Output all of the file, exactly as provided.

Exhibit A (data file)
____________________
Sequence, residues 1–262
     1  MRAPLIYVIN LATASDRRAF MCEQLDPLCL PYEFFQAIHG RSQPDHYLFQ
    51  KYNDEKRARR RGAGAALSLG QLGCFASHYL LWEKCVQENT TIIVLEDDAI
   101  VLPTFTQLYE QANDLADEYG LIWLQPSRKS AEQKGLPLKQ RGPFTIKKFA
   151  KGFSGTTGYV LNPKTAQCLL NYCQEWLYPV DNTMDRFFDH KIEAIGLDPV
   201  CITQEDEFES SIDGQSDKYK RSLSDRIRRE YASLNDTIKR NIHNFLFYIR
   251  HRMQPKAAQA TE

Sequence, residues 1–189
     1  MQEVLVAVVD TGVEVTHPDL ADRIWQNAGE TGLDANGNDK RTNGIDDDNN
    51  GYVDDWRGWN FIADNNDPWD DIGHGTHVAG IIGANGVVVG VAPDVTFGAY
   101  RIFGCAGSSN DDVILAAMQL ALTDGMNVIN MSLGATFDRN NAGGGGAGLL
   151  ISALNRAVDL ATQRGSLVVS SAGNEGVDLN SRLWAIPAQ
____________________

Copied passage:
Sequence, residues 1–262
     1  MRAPLIYVIN LATASDRRAF MCEQLDPLCL PYEFFQAIHG RSQPDHYLFQ
    51  KYNDEKRARR RGAGAALSLG QLGCFASHYL LWEKCVQENT TIIVLEDDAI
   101  VLPTFTQLYE QANDLADEYG LIWLQPSRKS AEQKGLPLKQ RGPFTIKKFA
   151  KGFSGTTGYV LNPKTAQCLL NYCQEWLYPV DNTMDRFFDH KIEAIGLDPV
   201  CITQEDEFES SIDGQSDKYK RSLSDRIRRE YASLNDTIKR NIHNFLFYIR
   251  HRMQPKAAQA TE

Sequence, residues 1–189
     1  MQEVLVAVVD TGVEVTHPDL ADRIWQNAGE TGLDANGNDK RTNGIDDDNN
    51  GYVDDWRGWN FIADNNDPWD DIGHGTHVAG IIGANGVVVG VAPDVTFGAY
   101  RIFGCAGSSN DDVILAAMQL ALTDGMNVIN MSLGATFDRN NAGGGGAGLL
   151  ISALNRAVDL ATQRGSLVVS SAGNEGVDLN SRLWAIPAQ